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There are 30 million people with diabetes in the United States. ProPublica is spending the next year examining why care has become inaccessible for hundreds of thousands, if not millions, of people across the country with the condition. We want to learn more about the consequences of unaffordable treatment.
To do this reporting, we want to hear from as many diabetes patients and their relatives, researchers, medical professionals, lawmakers and pharmaceutical representatives as we can. We want to understand the obstacles to affordable care.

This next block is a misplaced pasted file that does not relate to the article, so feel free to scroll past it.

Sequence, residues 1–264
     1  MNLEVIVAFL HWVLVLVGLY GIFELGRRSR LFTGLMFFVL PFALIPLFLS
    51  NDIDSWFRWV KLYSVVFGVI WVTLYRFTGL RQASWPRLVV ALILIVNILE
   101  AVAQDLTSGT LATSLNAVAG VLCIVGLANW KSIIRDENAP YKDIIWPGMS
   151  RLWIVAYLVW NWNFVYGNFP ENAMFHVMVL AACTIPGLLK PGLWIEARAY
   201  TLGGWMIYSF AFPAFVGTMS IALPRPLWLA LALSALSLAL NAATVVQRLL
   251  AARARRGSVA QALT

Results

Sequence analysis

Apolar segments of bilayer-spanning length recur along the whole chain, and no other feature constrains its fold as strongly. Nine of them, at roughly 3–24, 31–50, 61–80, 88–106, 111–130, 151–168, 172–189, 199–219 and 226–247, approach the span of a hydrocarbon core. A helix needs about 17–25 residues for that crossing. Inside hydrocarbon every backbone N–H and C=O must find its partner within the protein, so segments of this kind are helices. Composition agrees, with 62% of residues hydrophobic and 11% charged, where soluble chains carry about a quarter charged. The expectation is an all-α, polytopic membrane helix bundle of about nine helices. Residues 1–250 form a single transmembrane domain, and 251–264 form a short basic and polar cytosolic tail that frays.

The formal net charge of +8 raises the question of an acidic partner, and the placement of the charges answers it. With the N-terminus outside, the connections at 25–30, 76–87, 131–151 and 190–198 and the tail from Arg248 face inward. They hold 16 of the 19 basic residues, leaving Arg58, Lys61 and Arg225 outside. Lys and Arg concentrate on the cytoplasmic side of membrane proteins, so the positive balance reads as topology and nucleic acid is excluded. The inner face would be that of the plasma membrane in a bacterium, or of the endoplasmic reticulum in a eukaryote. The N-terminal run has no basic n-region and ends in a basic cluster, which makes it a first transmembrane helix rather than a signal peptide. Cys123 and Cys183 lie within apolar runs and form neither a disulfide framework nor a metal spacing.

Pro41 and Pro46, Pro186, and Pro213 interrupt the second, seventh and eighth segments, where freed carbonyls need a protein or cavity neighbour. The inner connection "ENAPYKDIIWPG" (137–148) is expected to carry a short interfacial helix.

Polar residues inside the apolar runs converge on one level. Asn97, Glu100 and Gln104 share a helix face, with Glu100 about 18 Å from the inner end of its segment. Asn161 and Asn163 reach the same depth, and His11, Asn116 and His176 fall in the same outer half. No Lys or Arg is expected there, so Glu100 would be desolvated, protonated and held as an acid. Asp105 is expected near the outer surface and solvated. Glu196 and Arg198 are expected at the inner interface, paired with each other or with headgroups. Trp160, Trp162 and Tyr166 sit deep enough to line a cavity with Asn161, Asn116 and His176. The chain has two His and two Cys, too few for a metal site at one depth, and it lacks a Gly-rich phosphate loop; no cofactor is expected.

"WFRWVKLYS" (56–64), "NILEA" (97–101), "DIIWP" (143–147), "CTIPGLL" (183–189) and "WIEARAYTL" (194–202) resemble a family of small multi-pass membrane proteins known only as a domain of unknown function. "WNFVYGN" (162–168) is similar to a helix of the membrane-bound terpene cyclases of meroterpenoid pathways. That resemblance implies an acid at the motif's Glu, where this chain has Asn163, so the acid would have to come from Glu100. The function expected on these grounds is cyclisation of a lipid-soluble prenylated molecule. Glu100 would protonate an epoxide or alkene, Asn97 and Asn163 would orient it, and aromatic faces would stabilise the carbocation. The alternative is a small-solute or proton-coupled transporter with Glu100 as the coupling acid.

With Type 1 diabetes, we’re particularly interested in hearing the stories of people who have faced diabetic ketoacidosis, those who have gone into diabetic comas and those who have passed away. With Type 2 diabetes, we’re interested in hearing the stories of people who have suffered heart attacks and heart failure, strokes and other life-threatening complications.
We’ve seen remarkable innovation around diabetes care, but in the past decade, the progress we had made on patient outcomes has reversed course. The price of insulin has tripled, and even critical supplies like insulin pumps cost too much for many. Hospitalizations for acute complications are up. Lower limb amputations have increased by half. In extreme cases, people are dying from rationing insulin because they can’t afford the amount that they need.
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